Advertisement covers The 19th Conference on Retroviruses and Opportunistic Infections (CROI 2012)

Summary of HIV Cure Research Presented at CROI 2012

March 14, 2012

The 19th annual Conference on Retroviruses & Opportunistic Infections (CROI) took place last week from Monday through Thursday in Seattle. As has consistently been the case in recent years, the organizers have done a commendable job in making the conference accessible online: all sessions -- including poster discussions -- are available via webcast, and very few presenters have failed to make their slides available.

Research into curing HIV infection featured prominently at the meeting, building on the case of Timothy Brown that was reported for the first time on a poster at CROI four years ago. A symposium on the subject was held from 4-6pm on Wednesday March 7th and featured several excellent overview presentations on the state of the science. The major message that emerged from data presentations on cure-related research was that a one-two punch may be needed to address HIV reservoirs: firstly, dormant HIV in latently infected cells must be awakened and, secondly, effective T cell responses are likely to be required to deliver the coup de grace and kill the HIV-infected cells that are induced to produce virus.

The rationale for this two-pronged approach was encapsulated in presentations by David Margolis from the University of North Carolina and Liang Shan from Johns Hopkins University. Margolis showed that administration the HDAC inhibitor vorinostat (also known as SAHA) successfully induced latently infected cells to express HIV RNA in six trial participants on ART (up from the four participants Margolis was able to discuss last December at the HIV persistence workshop). Liang Shan described laboratory experiments demonstrating that HIV-specific CD8 T cells from individuals with chronic HIV infection are generally unable to kill CD4 T cells that are induced to produce virus by exposure to vorinostat. In many cases, this failure could be overcome by stimulating the HIV-specific CD8 T cells with HIV antigens immediately prior to mixing them with the HIV-infected CD4 T cells, suggesting to Shan and colleagues that therapeutic immunization should be combined with anti-latency drugs (the paper containing these results was published by the journal Immunity on the same day as Shan's CROI talk, click here and scroll down to see the abstract).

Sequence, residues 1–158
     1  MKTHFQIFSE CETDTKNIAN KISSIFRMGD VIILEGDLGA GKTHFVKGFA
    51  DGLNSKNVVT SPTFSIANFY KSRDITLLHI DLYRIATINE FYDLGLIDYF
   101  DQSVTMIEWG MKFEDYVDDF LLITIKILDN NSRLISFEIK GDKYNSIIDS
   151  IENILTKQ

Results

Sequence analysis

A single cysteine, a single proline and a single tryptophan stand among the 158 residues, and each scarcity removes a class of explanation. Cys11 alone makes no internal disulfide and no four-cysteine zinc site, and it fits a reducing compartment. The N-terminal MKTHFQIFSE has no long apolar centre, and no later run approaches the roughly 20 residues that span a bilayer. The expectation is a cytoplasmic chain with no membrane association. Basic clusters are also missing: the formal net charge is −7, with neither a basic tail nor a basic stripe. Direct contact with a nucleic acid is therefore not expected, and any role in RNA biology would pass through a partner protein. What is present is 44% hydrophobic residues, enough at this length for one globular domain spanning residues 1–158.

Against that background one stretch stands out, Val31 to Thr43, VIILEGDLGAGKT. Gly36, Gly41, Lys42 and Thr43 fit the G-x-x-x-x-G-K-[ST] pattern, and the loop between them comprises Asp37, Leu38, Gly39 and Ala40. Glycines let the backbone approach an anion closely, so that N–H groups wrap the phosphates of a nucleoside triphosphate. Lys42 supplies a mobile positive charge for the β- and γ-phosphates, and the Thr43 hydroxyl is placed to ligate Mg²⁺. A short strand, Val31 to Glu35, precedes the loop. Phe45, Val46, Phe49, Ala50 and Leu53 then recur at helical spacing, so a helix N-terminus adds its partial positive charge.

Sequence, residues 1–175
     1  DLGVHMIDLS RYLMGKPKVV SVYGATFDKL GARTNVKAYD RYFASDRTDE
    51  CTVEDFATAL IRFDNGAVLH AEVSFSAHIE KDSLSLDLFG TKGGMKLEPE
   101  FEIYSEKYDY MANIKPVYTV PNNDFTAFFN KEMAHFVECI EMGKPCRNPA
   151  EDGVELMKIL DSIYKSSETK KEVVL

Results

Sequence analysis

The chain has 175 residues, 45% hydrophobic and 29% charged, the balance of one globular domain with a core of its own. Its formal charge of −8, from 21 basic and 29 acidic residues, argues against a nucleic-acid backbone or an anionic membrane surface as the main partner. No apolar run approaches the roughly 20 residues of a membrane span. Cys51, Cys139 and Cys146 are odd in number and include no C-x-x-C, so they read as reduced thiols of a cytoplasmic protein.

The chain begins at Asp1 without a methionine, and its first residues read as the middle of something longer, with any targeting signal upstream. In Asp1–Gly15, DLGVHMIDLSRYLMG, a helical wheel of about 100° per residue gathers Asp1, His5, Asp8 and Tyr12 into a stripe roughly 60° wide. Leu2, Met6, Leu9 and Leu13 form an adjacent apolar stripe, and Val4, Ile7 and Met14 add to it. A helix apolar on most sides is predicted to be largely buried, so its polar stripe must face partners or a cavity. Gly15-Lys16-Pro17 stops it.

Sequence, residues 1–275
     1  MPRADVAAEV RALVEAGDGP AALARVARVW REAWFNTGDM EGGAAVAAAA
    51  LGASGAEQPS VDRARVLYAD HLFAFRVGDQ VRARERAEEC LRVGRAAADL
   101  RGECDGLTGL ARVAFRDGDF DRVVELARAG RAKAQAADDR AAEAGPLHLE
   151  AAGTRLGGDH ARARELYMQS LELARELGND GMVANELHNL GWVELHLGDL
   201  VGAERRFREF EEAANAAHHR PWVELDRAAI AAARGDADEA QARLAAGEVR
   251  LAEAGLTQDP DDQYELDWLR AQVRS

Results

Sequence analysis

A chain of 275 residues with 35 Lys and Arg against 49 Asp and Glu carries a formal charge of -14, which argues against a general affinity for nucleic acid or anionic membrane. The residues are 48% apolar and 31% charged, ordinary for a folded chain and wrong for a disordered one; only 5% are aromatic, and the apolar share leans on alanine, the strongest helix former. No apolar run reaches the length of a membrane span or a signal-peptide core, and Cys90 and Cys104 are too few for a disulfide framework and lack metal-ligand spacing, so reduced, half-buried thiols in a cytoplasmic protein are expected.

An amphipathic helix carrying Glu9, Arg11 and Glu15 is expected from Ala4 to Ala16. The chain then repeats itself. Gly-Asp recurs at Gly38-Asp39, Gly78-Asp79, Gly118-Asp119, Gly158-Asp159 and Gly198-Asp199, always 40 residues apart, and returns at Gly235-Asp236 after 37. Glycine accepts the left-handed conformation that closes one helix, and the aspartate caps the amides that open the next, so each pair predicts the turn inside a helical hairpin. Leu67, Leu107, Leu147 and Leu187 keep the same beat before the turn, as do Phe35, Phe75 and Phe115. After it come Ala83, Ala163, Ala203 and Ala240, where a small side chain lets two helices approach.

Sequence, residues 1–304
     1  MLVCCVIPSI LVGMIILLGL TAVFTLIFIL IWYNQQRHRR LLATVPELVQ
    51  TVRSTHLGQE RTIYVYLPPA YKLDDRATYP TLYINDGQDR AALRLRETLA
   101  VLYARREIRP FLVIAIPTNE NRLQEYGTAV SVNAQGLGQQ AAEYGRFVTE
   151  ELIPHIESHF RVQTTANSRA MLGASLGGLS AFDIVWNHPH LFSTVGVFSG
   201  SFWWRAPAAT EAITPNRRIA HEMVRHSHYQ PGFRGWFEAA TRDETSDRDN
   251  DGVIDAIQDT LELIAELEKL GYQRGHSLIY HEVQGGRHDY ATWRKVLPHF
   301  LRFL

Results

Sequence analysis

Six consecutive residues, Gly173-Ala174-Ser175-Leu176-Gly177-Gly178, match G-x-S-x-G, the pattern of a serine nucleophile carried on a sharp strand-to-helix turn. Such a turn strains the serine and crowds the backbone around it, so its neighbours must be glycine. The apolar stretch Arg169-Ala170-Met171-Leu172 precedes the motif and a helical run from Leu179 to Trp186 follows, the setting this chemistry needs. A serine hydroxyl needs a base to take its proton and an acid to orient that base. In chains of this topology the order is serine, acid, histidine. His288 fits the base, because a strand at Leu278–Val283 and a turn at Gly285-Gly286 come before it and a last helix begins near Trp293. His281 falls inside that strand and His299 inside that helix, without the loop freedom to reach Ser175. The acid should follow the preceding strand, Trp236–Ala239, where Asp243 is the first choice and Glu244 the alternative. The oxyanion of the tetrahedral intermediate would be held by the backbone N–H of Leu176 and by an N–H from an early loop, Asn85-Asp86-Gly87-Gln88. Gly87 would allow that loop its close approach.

Although the goal of finding and killing latently infected cells is central to cure research efforts, it is not applicable to all strategies under study. Gene modification approaches that aim to make susceptible cells resistant to HIV -- and thereby potentially give the immune system the upper hand against the virus -- continue to be studied, with Sangamo BioSciences in the lead with their approach that abrogates expression of the HIV co-receptor CCR5 on CD4 T cells. Currently, the delivery of Sangamo's treatment requires removal of CD4 T cells by apheresis, followed by modification and expansion of the cells in the laboratory and reinfusion into the individual. Another technique that is being explored in non-human primates involves gene modification of stem cells, which give rise to CD4 T cells and other cell types and therefore might be a better target. The research group of Hans-Peter Kiem at Fred Hutchinson Cancer Research Center in Seattle presented a "proof of concept" study showing that a gene encoding an HIV entry inhibitor (C46) could be introduced into stem cells in macaques, ultimately leading to substantial levels of circulating gene-modified CD4 T cells (~20%). When these animals were challenged with an SIV/HIV hybrid SHIV virus, CD4 T cell levels dipped but recovered and the proportion of gene gene-modified CD4 T cells increased. Interestingly, unmodified CD4 T cells also appeared to be protected from infection, leading the researchers to speculate that gene-modified CD4 T cells were contributing to more effective virus-specific immune responses in the treated macaques. Kiem's group plans to conduct similar studies using Sangamo's technology to disrupt the CCR5 gene in stem cells.

Richard Jefferys is the coordinator of the Michael Palm HIV Basic Science, Vaccines & Prevention Project Weblog at the Treatment Action Group (TAG). The original blog post may be viewed here.

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This article was provided by Treatment Action Group. It is a part of the publication Michael Palm HIV Basic Science, Vaccines & Cure Project.


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Please note: Knowledge about HIV changes rapidly. Note the date of this summary's publication, and before treating patients or employing any therapies described in these materials, verify all information independently. If you are a patient, please consult a doctor or other medical professional before acting on any of the information presented in this summary. For a complete listing of our most recent conference coverage, click here.


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